(Aric Crabb/Staff)

This means Fages did not reach Antioch and had either not seen the giant dunes or that Crespi did not note them because his interest was in figuring out that it was impossible to cross the very deep river without a boat. Crespi had written about the meganos on the coast about ten miles from San Luis Obispo in an unpublished diary. There are sand dunes on Spain’s coast and the Canary Islands. Franciscan missionaries left Spain from Cadiz, and would have seen the sand dunes on the Canary Islands.

If Crespi had seen medanos in Contra Costa County, he would have written about them.

The 1776 Anza expedition reached Santa Angela de Fulgino (Crespi’s name for today’s city of Concord) on April 3 and traveled through the plain and ascended Willow Pass and then went to the site of today’s Antioch Bridge, where they encountered a large village of Indians that greeted them “amicably almost fearfully,” according to Fray Font, who accompanied Anza.

Font’s diary for the day they were at Antioch does not mention sand dunes. No one on the expedition, however, could have missed seeing the dunes, however, so perhaps someone in the group of Anza explorers that first named the medanos.

Chapman’s A History of California: The Spanish Period contradicts his own suggestion in the same book that the Duran expedition was the first to name the sand dunes. He wrote in Chapter XXX that in 1776 Moraga crossed the San Joaquin River and went a day’s journey further on. “There were also pursuits of runaway mission Indians just over the hills and into the valley (the Central Valley), and certain vague explorations of the tulares.” By “tulares” Chapman meant the swampy areas of the Central Valley, where bulrushes grew, east of Antioch.

“A report of Lieutenant Hermengildo Sal in 1796 mentions streams which have been identified as the west, middle, and east channels of the San Joaquin…” Chapman subsequently listed several Spanish forays into the Central Valley, and at least some of them – one attacked by Indians – if not all had to have traveled either from San Jose or from the Mission Dolores or the San Francisco Presidio, which meant that for years before Fr. Duran rowed and/or sailed through the Carquinez Strait, they passed the sand dunes.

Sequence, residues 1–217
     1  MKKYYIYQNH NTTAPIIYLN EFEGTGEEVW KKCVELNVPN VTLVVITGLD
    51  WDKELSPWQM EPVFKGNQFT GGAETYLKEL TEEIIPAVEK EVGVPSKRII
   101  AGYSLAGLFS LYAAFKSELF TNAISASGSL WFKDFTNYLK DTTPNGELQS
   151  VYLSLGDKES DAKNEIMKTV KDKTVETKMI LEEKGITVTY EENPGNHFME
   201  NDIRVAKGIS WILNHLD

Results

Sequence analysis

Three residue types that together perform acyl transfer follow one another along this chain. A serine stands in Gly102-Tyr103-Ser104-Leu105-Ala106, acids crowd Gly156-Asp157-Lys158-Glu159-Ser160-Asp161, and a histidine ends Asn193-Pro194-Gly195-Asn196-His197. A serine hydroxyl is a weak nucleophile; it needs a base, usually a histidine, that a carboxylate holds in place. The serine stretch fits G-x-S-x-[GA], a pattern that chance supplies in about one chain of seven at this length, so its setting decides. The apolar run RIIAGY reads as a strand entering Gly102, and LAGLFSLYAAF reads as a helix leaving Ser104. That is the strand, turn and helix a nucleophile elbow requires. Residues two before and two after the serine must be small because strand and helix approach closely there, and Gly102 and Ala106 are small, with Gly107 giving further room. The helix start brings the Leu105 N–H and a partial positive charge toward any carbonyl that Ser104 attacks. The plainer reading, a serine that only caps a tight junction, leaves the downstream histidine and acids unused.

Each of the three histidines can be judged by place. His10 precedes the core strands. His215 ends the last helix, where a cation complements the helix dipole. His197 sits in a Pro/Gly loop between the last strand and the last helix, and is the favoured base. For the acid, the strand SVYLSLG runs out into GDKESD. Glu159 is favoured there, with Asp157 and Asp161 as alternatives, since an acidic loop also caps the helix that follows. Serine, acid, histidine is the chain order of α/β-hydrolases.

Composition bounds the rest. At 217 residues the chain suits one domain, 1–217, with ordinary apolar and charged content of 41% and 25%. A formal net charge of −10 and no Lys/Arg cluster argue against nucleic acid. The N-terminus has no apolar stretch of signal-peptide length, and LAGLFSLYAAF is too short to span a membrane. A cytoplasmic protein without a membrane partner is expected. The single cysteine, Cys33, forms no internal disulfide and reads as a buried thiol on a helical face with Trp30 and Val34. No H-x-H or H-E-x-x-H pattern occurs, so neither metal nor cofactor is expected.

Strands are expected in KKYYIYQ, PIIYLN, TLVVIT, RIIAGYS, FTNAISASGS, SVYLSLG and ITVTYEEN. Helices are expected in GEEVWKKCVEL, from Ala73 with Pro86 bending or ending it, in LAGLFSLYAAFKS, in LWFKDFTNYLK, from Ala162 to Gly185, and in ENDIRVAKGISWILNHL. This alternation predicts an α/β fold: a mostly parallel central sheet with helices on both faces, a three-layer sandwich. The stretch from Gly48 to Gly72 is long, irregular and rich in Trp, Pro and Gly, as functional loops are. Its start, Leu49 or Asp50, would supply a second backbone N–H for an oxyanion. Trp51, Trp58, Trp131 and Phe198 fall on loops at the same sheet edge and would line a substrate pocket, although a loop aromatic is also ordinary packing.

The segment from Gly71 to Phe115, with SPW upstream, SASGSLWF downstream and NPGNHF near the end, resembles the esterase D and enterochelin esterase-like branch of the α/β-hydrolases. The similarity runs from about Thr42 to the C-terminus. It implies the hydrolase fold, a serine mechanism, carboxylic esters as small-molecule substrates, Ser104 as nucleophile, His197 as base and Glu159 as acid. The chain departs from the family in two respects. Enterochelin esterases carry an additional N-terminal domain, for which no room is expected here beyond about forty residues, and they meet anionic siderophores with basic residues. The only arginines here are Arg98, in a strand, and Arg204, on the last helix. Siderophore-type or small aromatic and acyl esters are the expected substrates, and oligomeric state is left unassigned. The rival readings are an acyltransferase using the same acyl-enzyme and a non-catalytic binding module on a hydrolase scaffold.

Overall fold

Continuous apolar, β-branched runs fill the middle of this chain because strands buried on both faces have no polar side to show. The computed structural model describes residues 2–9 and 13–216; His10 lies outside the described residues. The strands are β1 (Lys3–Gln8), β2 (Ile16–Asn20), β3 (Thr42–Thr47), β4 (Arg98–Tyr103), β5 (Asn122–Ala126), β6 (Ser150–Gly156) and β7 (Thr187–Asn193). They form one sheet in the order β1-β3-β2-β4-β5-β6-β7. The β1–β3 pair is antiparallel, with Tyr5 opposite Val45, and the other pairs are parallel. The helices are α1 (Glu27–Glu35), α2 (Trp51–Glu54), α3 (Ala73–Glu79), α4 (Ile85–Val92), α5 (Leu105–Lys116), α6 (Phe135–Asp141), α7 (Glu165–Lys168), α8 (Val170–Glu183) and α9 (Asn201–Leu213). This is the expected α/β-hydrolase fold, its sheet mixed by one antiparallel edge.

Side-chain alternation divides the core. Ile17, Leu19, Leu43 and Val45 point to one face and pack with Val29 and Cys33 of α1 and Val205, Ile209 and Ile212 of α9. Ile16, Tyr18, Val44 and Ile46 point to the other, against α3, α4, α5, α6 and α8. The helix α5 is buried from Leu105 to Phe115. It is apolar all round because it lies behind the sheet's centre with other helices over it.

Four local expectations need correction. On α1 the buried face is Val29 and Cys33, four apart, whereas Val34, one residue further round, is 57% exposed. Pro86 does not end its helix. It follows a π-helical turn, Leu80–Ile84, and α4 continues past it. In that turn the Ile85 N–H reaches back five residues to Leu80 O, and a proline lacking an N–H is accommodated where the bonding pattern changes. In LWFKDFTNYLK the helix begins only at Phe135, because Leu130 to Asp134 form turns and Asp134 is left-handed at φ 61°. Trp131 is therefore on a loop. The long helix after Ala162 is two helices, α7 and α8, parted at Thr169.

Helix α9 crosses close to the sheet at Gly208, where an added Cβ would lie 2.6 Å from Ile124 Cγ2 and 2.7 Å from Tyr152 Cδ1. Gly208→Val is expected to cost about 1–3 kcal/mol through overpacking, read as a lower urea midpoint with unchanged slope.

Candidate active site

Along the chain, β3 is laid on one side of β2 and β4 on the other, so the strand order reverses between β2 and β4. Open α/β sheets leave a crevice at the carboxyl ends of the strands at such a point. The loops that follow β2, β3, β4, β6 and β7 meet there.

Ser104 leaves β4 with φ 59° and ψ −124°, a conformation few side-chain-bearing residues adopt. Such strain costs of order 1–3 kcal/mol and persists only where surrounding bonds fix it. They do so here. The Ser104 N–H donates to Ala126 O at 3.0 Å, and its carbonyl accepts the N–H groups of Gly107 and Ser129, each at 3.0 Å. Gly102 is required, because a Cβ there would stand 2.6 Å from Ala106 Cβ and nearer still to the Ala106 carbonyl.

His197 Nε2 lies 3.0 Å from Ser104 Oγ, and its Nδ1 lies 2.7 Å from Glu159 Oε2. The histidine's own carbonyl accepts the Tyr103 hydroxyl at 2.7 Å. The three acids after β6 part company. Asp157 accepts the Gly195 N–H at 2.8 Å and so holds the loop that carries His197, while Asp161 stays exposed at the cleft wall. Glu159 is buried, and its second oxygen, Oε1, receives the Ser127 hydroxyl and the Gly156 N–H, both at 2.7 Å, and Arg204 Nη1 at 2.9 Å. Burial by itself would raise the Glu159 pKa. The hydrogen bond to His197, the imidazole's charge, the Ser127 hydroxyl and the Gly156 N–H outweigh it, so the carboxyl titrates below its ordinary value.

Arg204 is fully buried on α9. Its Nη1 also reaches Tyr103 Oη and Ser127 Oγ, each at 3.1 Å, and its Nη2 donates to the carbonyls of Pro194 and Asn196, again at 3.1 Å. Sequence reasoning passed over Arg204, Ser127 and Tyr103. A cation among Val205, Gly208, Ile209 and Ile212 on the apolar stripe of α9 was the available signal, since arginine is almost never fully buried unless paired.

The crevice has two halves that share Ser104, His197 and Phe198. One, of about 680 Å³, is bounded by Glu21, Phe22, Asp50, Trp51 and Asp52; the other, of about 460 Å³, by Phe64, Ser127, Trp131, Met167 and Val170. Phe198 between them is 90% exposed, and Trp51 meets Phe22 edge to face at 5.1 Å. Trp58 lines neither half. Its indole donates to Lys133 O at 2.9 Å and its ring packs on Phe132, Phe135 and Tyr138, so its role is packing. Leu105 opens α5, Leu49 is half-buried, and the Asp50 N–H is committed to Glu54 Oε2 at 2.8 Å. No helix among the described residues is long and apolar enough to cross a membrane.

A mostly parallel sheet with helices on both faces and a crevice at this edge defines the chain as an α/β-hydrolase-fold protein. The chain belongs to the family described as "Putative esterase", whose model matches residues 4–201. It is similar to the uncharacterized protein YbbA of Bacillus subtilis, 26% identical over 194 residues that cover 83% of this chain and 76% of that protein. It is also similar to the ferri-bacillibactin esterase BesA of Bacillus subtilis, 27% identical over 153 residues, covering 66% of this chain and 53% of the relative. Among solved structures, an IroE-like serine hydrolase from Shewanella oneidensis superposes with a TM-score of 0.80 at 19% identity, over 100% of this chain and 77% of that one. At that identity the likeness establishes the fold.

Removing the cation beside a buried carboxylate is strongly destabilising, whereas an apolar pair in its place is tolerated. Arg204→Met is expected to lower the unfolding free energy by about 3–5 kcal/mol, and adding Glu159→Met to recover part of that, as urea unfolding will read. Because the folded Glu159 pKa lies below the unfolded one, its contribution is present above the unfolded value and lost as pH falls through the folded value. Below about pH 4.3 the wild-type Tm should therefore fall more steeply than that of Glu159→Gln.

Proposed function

Alta California’s Governor Castro had granted the Rancho Meganos to Jose Noriega, but – according to Marsh’s biographer George D. Lyman (John Marsh, Pioneer: The Life Story of a Trail-Blazer on Six Frontiers, facsimile reprint of the 1930 book by Carol Jensen in 2012, Byron Hot Springs publisher, San Francisco) – Noriega was afraid to spend any time on his land in what is now Contra Costa County.

In 1837, the fierce Indians that lived in the Sierras and various bandits made living in the area perilous. Local Indians, however, built Marsh’s adobe house and brought him grapevines and fruit trees from the San Jose Mission to plant. Marsh had them build slots in the sides of the adobe so that he could insert a rifle when he needed to shoot at bandits and cattle rustlers.

John Marsh House, Marsh Creek Rd., Byron, CA

John Marsh House, Marsh Creek Rd., Byron, CA

Marsh installed an Indian woman in his house as his mistress and housekeeper/cook. Lyman does not mention what happened to the Indian mistress possibly a Julpunes, after 1850, when Marsh began construction on his big stone house. Perhaps the woman stayed on and to do the cooking and cleaning. Perhaps Marsh gave his native common law wife some glass beads and let her return to her village.

Lyman explained in John Marsh, Pioneer that Marsh paid natives in glass beads and red cloth to mine gold for him during the Gold Rush – gold that he subsequently hid, and which no one has found.

Marsh paid his Indian laborers in beans and tortillas and he sometimes paid his Mexican vaqueros wages. When one of the vaqueros threatened to sue him for wages, Marsh told him he couldn’t: he was a “nigger.”